NARA’s summary of records management automation approaches June 20, 2014

labyrinthine circuit board linesI have previously blogged about the US National Archives and Records Administration’s (NARA) approach to cloud email. NARA has issued a paper which surveys the available strategies for improving records capture through automation. It highlights the advantages, the maturity, and the risks and drawbacks of these approaches.

Continuing in the theme of drawing on good work being done elsewhere, this post is a quick summary of the five strategies to automation which they discuss in the paper.

A.      EDRMS-only

The paper tacitly acknowledges a shift away from EDRMS and DoD 5012.5 compliant-type approaches. The paper notes that while automation of records management tasks is performed by such systems, capturing the information in the first place relies on some sort of manual process. “Each of those repositories provides different degrees of automation of records management tasks after capture and categorization, but on their own, none automate capture and categorization” (p 9). The paper notes that “since appropriate management for the rest of the records lifecycle depends on initial capture, inconsistency here puts the effectiveness of the entire electronic records management program at risk” (p 7).

It notes the critical risk that “it is very difficult to get consistent compliance using this approach because of the reliance on end user action. The approach does not scale up to large volumes of records or staff, risking failure to effectively manage both permanent and temporary electronic records” (p 9).

B.      Rule-based automation

The paper recommends that “effective and consistent electronic records management is achievable for many agencies for at least some of their records using automated business rules that act on metadata, user roles, or another feature of records” (p 9).  The paper gives the example of NARA’s Captone email approach, where email is retained based on user roles.

However they acknowledge that “approaches simple enough for easy implementation may lead to over-retention of low value records, leading to higher storage costs and increased litigation risk, or failure to capture permanent records that occur in unexpected places” (p 10).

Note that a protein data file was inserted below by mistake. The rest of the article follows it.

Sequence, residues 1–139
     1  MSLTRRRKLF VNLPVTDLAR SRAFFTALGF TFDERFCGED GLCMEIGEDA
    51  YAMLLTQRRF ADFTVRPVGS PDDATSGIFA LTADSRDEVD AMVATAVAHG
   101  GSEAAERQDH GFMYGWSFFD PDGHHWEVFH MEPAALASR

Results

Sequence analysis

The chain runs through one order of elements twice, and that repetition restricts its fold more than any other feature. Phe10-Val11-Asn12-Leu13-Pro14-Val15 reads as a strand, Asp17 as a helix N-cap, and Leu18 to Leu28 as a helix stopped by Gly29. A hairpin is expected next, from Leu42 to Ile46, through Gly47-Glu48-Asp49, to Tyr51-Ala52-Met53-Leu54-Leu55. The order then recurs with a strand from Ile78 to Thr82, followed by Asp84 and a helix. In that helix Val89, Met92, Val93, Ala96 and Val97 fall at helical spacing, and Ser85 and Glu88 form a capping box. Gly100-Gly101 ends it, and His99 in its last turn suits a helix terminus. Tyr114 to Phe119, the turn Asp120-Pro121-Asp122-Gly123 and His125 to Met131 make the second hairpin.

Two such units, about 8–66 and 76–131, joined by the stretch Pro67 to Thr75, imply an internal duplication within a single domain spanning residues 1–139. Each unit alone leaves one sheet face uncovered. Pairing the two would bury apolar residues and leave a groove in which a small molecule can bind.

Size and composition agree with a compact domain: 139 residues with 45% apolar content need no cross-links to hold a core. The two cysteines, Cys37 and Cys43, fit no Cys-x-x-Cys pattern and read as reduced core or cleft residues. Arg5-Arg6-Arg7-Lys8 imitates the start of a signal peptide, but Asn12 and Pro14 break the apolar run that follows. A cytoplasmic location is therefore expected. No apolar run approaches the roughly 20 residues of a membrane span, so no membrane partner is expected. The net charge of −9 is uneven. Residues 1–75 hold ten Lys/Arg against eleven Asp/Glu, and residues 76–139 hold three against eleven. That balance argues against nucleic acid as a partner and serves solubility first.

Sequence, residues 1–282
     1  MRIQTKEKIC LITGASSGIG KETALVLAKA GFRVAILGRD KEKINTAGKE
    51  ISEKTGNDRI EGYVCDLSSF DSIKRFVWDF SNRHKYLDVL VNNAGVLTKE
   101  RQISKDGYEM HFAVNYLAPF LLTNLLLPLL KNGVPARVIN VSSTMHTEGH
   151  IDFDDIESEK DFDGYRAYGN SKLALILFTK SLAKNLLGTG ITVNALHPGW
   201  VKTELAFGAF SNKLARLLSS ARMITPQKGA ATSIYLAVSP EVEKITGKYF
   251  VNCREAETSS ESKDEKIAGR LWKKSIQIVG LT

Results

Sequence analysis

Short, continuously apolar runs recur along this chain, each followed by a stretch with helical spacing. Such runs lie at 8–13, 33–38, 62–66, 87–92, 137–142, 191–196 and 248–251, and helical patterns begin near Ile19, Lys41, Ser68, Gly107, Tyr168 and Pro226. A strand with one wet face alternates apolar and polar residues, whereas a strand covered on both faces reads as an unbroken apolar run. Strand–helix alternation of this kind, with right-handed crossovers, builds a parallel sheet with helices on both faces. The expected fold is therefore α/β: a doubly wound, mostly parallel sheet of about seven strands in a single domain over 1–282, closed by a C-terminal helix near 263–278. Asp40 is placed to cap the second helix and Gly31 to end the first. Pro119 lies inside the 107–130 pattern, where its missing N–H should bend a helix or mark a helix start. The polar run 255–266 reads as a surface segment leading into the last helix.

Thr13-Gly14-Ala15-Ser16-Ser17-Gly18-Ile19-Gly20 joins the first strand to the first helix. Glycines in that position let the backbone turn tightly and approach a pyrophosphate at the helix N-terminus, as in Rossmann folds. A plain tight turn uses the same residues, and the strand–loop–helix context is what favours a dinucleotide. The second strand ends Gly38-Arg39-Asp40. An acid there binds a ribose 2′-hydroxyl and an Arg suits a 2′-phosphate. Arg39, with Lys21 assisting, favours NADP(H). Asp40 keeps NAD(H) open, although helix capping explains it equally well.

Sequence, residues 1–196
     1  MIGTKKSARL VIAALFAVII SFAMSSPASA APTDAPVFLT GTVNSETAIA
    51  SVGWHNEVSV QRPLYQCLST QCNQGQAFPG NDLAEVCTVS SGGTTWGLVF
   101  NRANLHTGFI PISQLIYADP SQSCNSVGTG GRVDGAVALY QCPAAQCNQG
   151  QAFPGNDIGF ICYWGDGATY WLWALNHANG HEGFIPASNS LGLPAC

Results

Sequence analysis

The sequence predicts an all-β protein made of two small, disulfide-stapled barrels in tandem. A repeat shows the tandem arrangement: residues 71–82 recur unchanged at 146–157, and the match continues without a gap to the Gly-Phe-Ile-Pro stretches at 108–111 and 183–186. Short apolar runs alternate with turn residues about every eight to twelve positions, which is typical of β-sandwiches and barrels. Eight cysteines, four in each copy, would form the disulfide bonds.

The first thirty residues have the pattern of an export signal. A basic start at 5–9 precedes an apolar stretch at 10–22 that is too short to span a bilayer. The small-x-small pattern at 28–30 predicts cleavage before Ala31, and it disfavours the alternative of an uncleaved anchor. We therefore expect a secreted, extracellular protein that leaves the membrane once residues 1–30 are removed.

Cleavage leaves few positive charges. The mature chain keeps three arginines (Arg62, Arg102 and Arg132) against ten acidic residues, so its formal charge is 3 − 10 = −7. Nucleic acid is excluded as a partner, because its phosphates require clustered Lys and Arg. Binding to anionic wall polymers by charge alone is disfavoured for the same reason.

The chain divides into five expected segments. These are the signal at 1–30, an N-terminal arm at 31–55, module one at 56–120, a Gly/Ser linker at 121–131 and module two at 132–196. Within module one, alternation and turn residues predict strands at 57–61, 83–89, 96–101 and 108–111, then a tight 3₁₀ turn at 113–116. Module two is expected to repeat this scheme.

C.       Business Process and Workflow Automation

Many important agency business processes have information systems or workflow systems designed specifically to support the flow of information through that process. This automated approach relies on integrating workflow steps to capture necessary metadata, to associate resulting records with a retention schedule, and to destroy or transfer the records to the archives at the end of a retention period within that system.

The paper notes “While there are challenges in implementing this approach, because of its inherent consistency, the risk of mismanaging records when it is applied well is very low” but notes that “Relying on this approach alone may leave many electronic records unmanaged if the agency cannot integrate appropriate records management capabilities into all agency records-creation workflows, which will usually be the case” [emphasis added] (p 11).

D.      Modular Re-usable Records Management Tools

The paper notes that architecture work has been done to define modular records management services, however it does not reference any examples of successful implementation. It suggests that “relying on a flexible, modular approach runs the risk of leaving some electronic records unmanaged since not all existing systems may interoperate with modular tools and services” (p 12).

E.       Autocategorization

The paper notes that promising software is being developed which is based on machine learning to categorize content. The paper observes:

Because autocategorization works with so many unstructured record types, this approach has great potential to address the records in an agency that cannot be managed automatically any other way. However, the technology is relatively new and is still improving, and records managers are still learning best practices for working with it effectively. (p 12)

Separately, NARA has pointed us to some case studies utilising this approach. These case studies are provided by vendors, so must be taken as such. However it is worth noting that one major agency saw 87% accurate categorisation of email using that approach, which it argues is better than the 70% expected accuracy and even that of manual filing.

The paper notes the risk that, because autocategorization is not 100% accurate, there is some risk of incorrect disposal or over-retention of temporary records. Agency stakeholders may not trust automated algorithms, regardless of actual accuracy rates (p 13).

Conclusion

This paper thinks pragmatically, and provides a direct assessment of the drawbacks and opportunities of approaches to automation. We are looking forward to the finalised paper being published, and intend to provide an update when that happens.

photo by: quapan
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